triangle at the top of the focal plane depiction in Figure 5-22 is the point from which all

the feature points appear to emanate or be moving away from which is constant during

this run since the vehicle is in a trimmed, straight, steady state flight condition. This

point is known as the focus of expansion (FOE) in optic flow literature [14, 15]. The

FOE also depicts the direction of translational motion of the vehicle. The position of the

feature point with respect to the FOE is what seems to be relevant. Also shown in Figure

5-22 is a plot of the changing values in H that relate the pseudo-measurements from a

specific feature point to the state variables p, q, and r. (Recall that the components ofH

are the partial derivatives of the coplanarity constraint for each feature point with respect

to the state variables and that these are set to zero for all states except p, q, and r.) The

Hyve numbered segments on the plot correspond to the Hyve numbered feature point traces

on the focal plane depiction. A larger magnitude of h indicates a greater observability of

the particular state variable for that feature point location. Figure 5-22 seems to indicate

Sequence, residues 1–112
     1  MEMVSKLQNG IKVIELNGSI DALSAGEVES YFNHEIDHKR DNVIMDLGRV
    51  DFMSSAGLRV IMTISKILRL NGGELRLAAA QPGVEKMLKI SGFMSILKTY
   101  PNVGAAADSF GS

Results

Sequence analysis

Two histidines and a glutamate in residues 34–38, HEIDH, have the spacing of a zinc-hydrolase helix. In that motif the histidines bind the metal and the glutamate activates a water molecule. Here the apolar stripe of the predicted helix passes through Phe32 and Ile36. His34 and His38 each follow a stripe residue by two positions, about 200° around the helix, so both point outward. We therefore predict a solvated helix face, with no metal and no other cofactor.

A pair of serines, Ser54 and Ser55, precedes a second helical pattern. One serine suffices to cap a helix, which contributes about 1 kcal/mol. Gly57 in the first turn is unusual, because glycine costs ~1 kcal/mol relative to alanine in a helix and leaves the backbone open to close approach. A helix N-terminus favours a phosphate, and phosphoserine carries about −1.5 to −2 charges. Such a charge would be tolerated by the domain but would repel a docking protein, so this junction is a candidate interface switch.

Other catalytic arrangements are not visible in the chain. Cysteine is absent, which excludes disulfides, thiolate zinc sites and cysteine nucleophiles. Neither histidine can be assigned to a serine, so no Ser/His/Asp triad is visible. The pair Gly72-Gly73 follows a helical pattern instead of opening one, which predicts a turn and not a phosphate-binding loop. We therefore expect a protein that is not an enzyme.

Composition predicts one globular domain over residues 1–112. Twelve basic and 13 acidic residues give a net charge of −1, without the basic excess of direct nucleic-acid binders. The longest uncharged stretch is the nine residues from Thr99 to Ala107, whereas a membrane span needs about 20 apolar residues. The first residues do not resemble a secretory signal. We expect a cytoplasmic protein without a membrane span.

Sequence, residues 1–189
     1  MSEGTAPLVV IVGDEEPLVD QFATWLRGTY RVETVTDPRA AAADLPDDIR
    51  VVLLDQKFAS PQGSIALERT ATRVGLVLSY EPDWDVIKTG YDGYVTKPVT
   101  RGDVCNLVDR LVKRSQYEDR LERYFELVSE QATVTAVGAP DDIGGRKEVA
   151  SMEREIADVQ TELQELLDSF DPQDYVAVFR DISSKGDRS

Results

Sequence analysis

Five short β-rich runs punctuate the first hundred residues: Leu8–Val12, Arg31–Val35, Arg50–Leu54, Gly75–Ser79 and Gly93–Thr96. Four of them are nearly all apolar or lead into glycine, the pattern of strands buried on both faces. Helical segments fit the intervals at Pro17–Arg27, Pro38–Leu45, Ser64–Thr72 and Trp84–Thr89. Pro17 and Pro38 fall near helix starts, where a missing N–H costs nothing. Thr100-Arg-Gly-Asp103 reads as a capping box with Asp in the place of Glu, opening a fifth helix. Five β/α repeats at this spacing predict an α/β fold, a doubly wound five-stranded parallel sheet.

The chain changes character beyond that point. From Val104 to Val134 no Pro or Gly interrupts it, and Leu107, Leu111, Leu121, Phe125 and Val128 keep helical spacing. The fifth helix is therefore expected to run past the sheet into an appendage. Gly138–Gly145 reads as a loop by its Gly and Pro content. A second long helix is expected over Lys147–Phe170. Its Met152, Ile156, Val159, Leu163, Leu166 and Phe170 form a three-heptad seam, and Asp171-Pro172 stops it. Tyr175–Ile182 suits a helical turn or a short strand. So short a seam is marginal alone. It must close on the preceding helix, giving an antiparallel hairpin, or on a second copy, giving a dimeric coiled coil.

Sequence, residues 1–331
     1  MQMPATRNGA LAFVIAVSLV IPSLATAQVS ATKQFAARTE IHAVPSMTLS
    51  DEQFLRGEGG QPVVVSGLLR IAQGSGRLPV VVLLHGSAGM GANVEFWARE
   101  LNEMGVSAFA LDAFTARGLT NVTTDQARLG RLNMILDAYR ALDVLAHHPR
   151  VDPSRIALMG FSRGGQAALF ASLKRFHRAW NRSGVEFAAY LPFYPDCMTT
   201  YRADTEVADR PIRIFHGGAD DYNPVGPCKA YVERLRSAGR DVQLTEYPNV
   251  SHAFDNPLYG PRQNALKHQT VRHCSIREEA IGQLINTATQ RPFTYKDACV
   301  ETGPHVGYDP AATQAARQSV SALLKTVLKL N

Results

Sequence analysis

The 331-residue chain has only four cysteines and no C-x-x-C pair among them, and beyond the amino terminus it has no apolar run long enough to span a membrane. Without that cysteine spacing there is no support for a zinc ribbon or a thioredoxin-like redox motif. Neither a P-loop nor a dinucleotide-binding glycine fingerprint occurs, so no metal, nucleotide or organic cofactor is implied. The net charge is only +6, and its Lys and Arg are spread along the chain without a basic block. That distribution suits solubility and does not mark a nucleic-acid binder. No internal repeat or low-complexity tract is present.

the following:










* q (pitch rate) observability increases as the magnitude of the horizontal distance, v,
from the FOE increases. Segments 2, 4, and 5 have smaller absolute values for h
and the corresponding feature points are closer horizontally to the FOE than for 1
and 3.

* r (yaw rate) observability increases as the magnitude of the vertical distance, pu,
from the FOE increases. Segments 3 and 5 have smaller absolute values for h and
the corresponding feature points are closer vertically to the FOE than for 1,2, and 4.

* p (roll rate) observability increases as the overall distance from the FOE increases.
Segments 4 and 5 have smaller absolute values for h and the corresponding feature
points are closer the the FOE than for 1, 2, and 3.

It should be noted that for the run shown, the standard set-up was used so the FOE was

not aligned exactly with the body axis system used to define the angular rates. However

it is only off in pitch by the angle of attack of the vehicle, approximately seven degrees,

which should not affect the validity of the above subj ective observations.

An attempt was made to assess how feature point location on the focal plane affects

filter performance. It seems to be a reasonable assumption that filter performance would